|The Monster's Wife
"Life changed when he came to the island, the foreign doctor from further away than anyone cared to know."
(Beware!!! The description below gives things away that i don't think you should know. The parts that I think you shouldn't read are crossed out.)
A startling new sequel to Mary Shelley’s classic novel Frankenstein.
To a tiny island in the Scottish Orkneys, peopled by a devout community of twenty, comes Victor Frankenstein,
A literary gothic, in the tradition of Jean Rhys’s Wide Sargasso Sea and Valerie Martin’s Mary Reilly.
Before I go into how interesting and unique this book is, I'd like to point out how interesting and unique the Author's bio is. Here is the first part:
Born into a family of eccentrics, I was raised in a haunted house on the outskirts of London. The daughter of a mad scientist and a crime fiction expert, I developed an early obsession with laboratories and monsters. At the age of 4, I wrote and illustrated my first collection of gothic tales, 'Fenella the Witch Fights the Hairy Sea Lion Giant', but struggled to find a publisher.As you can see, she sounds amazing, right? Even before I started reading the book, I knew I would like her writing (our interests seemed to lie in the same realm of quirks). Kate Horsley, will you be my friend?
With that out of the way, the book didn't disappoint me... which is kind of surprising since the premise and the Author gave me high expectations. First thing to know is, DON'T READ THE DESCRIPTION OF THE BOOK ON GOODREADS, it gives things away that I refuse to talk about in this review (although I'm itching to). The story is written in that "old fashioned" way, very reflective on the original "Frankenstein" novel. You can tell Kate Horsley loves this stuff and wants to honor the original work. The Monster's Wife is almost like a refurbished piece of furniture, keeping that old school charm of the piece but creating a different feel to it, maybe something more comfortable or practical. She takes Victor Frankenstein and places him on a remote island in Scotland, running away from his creation (his original Monster). Victor thinks he has given space between him and his family to keep them safe and hoped the "Monster" would leave them alone.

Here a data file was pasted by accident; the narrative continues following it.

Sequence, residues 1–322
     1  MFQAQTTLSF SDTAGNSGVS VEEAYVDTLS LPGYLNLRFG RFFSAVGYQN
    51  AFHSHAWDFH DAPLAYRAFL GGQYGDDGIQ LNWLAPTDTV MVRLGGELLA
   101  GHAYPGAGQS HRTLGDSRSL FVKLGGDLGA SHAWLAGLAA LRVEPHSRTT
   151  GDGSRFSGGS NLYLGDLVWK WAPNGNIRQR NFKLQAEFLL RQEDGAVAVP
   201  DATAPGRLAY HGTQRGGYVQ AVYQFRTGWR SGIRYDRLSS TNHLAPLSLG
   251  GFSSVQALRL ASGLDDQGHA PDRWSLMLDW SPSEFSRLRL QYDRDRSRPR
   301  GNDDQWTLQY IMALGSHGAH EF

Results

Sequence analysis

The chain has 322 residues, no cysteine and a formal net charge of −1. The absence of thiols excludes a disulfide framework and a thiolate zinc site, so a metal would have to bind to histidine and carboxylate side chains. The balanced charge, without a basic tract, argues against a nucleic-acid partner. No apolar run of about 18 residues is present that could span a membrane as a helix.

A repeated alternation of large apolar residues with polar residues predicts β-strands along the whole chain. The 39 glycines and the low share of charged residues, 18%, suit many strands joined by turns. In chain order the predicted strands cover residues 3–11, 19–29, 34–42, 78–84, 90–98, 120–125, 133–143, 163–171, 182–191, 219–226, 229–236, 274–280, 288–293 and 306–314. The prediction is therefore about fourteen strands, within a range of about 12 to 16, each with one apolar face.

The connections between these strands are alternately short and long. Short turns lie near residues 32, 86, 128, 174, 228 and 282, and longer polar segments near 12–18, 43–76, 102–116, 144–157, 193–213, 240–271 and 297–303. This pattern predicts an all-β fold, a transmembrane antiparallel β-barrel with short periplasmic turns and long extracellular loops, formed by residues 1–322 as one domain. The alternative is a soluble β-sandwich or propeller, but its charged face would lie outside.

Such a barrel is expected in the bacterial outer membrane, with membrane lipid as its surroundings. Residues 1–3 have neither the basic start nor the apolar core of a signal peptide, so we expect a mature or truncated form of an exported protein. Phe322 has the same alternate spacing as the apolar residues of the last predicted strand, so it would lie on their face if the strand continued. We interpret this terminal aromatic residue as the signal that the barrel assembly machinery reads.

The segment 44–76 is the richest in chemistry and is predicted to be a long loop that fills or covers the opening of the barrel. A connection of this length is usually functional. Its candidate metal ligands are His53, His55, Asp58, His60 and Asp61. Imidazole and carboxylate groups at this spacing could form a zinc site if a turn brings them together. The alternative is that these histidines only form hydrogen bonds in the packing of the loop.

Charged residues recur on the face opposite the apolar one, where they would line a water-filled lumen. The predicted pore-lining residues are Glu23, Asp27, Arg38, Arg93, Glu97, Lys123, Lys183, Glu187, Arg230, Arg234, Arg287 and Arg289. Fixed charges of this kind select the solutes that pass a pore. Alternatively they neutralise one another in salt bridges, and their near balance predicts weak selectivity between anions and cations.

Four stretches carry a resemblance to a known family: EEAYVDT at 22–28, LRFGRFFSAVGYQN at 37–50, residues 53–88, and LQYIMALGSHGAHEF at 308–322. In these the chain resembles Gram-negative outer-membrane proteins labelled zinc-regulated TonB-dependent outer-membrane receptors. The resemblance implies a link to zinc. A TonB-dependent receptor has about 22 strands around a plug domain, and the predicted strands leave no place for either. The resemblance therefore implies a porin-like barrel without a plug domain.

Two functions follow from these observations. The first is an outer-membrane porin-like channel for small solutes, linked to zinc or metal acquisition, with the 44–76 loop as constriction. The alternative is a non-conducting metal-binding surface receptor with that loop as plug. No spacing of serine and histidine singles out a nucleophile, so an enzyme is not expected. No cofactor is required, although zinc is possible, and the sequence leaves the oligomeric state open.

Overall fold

The other characters of this novel are Oona and May, two local girls who are considered best friends. Oona is still that gangly, homely girl who doesn't have an interest in growing up or boys. While May is the girl who is blossoming and she is actively working on a romance with a boy on the island. May ends up working for Victor Frankenstein as a maid and Oona eventually follows her over and is given her own "job". The first half of the book is solid character development and hardly any action happens. I wasn't opposed to the way the Author handled that though, I love getting connected to the characters before the big bang happens. Without giving away anything, I'd also like to point out how IMPORTANT it is to feel something for both of the girls before you come to the ending, very important. I loved the way the Author has given us this look into Scottish Island life, the words, accents and closeness of everyone. I found the slang to be charming, even though I had to stop and look things up all the time. It felt like a magical world, but I had to keep reminding myself that the island isn't the fantasy part of the book.
Since I don't want to give much away, I do want to let all those scaredy cats out there that this is nothing to worry about. Arianna, this means you! This book has nothing that would make you cringe, jump or even give you insomnia. The idea of a man creating a "monster" with science isn't a new concept and yes, it's a little creepy... maybe more than a little BUT there is nothing super gross or spooky about this. I would describe the "horror" to be more of a thoughtful kind, disturbing to think of as a concept but nothing will pull you under the bed at night. I would recommend this to anyone who loves "Frankenstein" or novels about small communities with a different way of life. I would even go so far and say this has a historical fiction quality about it, but instead of history... the Author pulls from literary history. This will be a favorite of mine and I'll continue to follow Kate Horsley in her literary career like a good cheerleader. I hope you enjoy it as much as I do... since you'll be picking this up when it comes out and reading it, yep.
Support Shelf Notes! Purchase your copy of this book here:
Left: Hardcover - Right: E-Book